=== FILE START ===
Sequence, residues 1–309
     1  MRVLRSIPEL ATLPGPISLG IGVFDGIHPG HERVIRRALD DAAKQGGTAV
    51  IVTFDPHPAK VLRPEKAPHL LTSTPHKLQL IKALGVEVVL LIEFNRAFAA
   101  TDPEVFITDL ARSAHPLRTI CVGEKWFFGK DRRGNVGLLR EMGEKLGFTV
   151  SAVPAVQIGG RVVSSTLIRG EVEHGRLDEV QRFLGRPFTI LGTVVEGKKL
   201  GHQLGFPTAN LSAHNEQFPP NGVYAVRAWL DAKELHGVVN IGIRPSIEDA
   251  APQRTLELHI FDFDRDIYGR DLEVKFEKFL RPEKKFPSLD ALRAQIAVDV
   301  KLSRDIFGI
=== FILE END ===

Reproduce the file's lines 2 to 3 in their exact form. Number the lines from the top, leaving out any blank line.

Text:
     1  MRVLRSIPEL ATLPGPISLG IGVFDGIHPG HERVIRRALD DAAKQGGTAV
    51  IVTFDPHPAK VLRPEKAPHL LTSTPHKLQL IKALGVEVVL LIEFNRAFAA